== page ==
10 things to think about as you prepare your submission:
- Spend some time on our website. Read our mission statement. Understand what we are looking for in a submission and gear yours accordingly. Don’t lie about what you will be doing, but think in terms of how your project fits into our organization’s mission.
- Look at the work we’ve previously funded.
- Read the directions completely. Not following them to the letter, or leaving out a piece of the application is a sure path to a turndown.
- If you are preparing to submit to more than one organization, be sure to personalize each one. We’ve received application forms for other grants and applications that used another organizations name instead of ours in the project proposal.
- Write clearly and concisely. A word of caution: not to scare anyone off but, our Board of Directors is filled with teachers and, while we won’t be pulling out the red pencils, we will be looking for project descriptions that are well written and easily understandable.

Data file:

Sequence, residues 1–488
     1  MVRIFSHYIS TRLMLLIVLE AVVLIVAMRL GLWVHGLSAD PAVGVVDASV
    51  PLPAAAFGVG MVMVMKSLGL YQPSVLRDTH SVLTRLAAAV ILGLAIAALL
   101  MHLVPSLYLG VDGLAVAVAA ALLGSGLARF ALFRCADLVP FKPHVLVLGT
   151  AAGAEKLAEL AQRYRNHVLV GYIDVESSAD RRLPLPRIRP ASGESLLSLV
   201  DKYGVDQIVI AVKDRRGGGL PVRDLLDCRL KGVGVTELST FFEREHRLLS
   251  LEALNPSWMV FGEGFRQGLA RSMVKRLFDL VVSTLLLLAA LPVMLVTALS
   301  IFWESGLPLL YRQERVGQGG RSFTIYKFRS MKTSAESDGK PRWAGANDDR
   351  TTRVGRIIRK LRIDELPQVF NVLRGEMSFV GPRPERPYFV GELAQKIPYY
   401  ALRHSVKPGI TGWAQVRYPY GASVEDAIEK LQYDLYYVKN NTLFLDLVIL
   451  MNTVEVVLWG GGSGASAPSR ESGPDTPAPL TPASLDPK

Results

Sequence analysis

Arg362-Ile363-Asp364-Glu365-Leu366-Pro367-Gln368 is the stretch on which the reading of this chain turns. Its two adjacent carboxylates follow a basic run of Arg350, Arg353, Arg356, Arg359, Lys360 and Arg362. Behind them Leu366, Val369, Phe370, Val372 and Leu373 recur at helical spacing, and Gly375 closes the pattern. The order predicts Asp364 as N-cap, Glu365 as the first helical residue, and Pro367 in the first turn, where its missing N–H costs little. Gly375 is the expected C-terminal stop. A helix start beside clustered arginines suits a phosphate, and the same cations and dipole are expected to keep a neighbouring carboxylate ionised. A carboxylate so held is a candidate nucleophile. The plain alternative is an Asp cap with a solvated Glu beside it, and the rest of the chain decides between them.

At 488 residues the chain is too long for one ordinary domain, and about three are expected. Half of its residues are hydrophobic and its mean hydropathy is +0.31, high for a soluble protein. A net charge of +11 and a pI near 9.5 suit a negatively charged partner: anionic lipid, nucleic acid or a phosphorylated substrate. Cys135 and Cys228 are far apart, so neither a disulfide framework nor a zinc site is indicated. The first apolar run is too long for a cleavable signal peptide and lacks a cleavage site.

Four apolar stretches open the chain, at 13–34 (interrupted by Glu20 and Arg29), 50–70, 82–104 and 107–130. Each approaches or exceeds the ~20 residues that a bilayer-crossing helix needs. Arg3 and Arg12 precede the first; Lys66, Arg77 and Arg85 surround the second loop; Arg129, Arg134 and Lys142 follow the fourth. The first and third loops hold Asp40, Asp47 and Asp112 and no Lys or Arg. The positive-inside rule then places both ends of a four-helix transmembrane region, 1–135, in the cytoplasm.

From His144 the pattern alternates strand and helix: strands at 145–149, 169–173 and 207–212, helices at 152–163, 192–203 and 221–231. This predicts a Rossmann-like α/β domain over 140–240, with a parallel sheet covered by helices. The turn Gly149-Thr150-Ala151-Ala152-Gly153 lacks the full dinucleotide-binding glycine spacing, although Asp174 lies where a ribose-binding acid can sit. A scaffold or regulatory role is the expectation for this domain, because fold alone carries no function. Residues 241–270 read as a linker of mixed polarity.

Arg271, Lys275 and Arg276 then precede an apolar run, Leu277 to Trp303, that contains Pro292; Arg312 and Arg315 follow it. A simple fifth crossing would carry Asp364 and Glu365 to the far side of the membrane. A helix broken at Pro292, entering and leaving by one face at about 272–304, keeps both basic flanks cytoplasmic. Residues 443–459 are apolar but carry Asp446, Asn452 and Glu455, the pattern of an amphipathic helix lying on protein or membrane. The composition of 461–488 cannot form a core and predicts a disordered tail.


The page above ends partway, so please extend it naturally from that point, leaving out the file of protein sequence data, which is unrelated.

- Have someone proofread your writing. Twice.
- The portfolio is to be between 10 and 15 images. Make sure those images work well together, tell the story you want to tell and show us your photographic chops. You don’t have to have 15; if you want to send 10 or 11 fabulous images, do that instead of adding others as fill in. If you have already begun your project, send us a selection of those. If you haven’t begun, pick a project that you are proud of.
- Show your portfolio to someone you trust. Editing our own work is difficult at best, and at times, impossible. Don’t feel you have to take another’s advice but remember that we have no idea what it took to get that photograph. You have a very personal connection to your work. Sometimes a viewer without those ties can help you to see what works and what doesn’t.
- Don’t wait until the last minute to submit. If there is a problem with your application, we won’t be able to let you know about the issue if we receive it on May 31 at 11:59PM.
- Don’t get discouraged if you don’t receive an award. Ask for feedback and I will be honest with you. You can accept that advice in the spirit it’s offered in and move on to the next opportunity or not!
Remember, TheDPF exists because we want documentary photography and photographers to thrive. This is a difficult business but such a rewarding one. We want you to succeed.